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Vision Health

A Device to Combat Peripheral Vision Loss

A wearable device that warns of collisions that could cause falls may make walking safer for people who have lost some of their peripheral vision, researchers say.

Patients with conditions including retinitis pigmentosa, glaucoma, or brain injury that causes half visual field loss, are often at increased risk of collision with “high-level obstacles” that can cause falls.

But now researchers from Massachusetts Eye and Ear, Schepens Eye Research Institute, have evaluated a device they developed for patients with this kind of vision loss. To analyze its effectiveness, they used an obstacle course .

Their findings are featured on Investigative Ophthalmology and Visual Science (IOVS).

“We developed this pocket-sized collision warning device, which can predict impending collisions based on time to collision rather than proximity. It gives warnings only when the users approach to obstacles, not when users stand close to objects and not when moving objects just pass by. So the auditory collision warnings given by the device are simple and intuitively understandable,” said senior author Gang Luo, Ph.D., Associate Scientist at Mass. Eye and Ear/Schepens, and Assistant Professor of Ophthalmology at Harvard Medical School.

“We tested the device in a density obstacle course to evaluate its effect on collision avoidance in people with peripheral vision loss. To show its beneficial effect, we compared the patients’ mobility performance with the device and without it. Just demonstrating the device can give warning for obstacles in walking would not prove the device is useful. We have to compare with a baseline, which is walking without the device in this case.”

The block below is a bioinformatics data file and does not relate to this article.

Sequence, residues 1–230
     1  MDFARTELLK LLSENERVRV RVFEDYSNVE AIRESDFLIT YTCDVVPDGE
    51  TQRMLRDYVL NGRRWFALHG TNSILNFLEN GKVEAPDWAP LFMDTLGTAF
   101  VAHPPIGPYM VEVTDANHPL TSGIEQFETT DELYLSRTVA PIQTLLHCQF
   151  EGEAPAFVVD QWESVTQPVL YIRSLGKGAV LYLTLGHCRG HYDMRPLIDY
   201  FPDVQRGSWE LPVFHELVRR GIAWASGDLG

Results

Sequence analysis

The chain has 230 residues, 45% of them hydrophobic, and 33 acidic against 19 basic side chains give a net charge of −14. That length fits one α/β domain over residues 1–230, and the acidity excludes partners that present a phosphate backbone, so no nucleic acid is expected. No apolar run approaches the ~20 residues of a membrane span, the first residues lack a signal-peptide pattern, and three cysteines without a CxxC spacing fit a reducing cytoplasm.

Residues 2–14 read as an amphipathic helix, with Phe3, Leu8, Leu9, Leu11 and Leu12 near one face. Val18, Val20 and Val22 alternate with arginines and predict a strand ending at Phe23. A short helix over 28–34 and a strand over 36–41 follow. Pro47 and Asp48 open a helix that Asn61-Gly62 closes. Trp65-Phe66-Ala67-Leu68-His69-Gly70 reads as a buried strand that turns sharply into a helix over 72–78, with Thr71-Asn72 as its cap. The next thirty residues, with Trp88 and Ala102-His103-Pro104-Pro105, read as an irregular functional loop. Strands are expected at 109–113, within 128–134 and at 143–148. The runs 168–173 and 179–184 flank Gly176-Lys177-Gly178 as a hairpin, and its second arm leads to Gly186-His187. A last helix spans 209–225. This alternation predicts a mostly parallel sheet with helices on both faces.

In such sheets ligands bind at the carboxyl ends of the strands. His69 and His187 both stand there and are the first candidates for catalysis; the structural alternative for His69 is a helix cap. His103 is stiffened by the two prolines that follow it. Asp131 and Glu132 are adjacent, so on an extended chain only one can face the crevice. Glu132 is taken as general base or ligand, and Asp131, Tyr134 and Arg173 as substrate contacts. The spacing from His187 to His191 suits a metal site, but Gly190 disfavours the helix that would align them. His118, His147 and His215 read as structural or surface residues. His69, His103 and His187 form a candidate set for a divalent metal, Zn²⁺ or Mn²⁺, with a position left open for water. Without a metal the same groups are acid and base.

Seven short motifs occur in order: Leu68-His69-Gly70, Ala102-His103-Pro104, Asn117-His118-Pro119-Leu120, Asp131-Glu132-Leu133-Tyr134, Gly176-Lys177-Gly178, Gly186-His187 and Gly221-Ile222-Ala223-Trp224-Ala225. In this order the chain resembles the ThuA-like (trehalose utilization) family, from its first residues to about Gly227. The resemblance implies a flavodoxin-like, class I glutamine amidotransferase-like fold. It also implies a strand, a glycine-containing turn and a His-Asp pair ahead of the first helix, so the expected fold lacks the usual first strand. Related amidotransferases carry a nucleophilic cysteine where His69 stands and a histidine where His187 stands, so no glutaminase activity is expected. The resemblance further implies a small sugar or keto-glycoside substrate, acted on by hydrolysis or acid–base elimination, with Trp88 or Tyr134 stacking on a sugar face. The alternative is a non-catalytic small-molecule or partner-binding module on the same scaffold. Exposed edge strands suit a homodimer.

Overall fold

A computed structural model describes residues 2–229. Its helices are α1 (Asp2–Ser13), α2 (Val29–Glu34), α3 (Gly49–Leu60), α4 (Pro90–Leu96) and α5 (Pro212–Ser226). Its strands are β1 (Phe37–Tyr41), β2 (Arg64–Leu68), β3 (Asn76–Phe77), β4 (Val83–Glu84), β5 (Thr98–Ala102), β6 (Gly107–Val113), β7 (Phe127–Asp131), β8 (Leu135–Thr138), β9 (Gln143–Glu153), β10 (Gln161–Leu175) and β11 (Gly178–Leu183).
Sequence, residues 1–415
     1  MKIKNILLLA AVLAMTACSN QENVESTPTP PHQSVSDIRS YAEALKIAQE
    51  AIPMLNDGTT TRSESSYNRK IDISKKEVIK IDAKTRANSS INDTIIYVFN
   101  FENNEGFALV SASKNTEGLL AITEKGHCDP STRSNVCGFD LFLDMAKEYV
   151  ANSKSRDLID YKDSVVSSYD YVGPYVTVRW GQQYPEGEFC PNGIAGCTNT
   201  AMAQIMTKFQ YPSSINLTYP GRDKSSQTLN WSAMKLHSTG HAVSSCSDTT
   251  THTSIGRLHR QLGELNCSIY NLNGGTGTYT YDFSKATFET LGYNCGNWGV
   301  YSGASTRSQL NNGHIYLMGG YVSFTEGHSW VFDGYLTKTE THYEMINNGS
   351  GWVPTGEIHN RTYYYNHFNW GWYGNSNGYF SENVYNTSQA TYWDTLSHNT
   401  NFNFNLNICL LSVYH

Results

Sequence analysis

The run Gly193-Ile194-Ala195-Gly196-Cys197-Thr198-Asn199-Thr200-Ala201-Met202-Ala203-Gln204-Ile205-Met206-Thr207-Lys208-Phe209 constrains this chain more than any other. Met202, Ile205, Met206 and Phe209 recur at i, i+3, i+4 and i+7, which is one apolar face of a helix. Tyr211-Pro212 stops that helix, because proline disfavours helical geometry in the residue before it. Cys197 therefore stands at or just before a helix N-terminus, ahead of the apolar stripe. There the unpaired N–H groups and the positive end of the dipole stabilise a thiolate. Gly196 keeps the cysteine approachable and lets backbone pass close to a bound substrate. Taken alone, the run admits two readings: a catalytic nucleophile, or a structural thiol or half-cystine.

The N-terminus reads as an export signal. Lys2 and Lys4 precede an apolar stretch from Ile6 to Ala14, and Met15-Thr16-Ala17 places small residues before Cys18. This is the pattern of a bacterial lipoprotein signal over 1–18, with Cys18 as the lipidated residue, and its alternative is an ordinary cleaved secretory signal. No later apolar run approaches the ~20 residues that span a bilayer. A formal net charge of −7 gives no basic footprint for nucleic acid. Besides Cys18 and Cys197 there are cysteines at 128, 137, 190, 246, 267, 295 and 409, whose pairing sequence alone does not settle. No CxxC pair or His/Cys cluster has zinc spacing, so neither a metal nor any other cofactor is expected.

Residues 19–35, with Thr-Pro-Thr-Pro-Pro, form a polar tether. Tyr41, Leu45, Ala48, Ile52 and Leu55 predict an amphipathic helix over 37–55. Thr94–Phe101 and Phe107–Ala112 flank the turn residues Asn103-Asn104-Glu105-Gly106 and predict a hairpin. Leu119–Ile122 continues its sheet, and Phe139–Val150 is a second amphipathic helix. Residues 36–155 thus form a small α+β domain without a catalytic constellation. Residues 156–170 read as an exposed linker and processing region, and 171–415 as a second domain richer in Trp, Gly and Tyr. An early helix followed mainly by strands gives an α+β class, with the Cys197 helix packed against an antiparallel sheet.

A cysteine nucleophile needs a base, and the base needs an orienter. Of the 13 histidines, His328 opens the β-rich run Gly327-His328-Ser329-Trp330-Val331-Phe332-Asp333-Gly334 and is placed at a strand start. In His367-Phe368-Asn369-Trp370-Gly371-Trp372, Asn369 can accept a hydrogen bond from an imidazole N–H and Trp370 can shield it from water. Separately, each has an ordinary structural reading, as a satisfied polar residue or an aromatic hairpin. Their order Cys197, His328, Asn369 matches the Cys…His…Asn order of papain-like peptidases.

According to a news release from Massachusetts Eye and Ear, twenty-five patients with tunnel vision or hemianopia completed the obstacle course study and the number of collisions and walking speed were measured.

Compared to walking without the device, collisions were reduced significantly by about 37% with the device and walking speed barely changed, the news release said. No patient had more collisions when using the device than when not using it.

“We are excited about the device’s potential value for helping visually impaired and completely blind people walk around safely. Our next job is to test its usefulness in patients’ daily lives in a clinical trial study,” Luo said.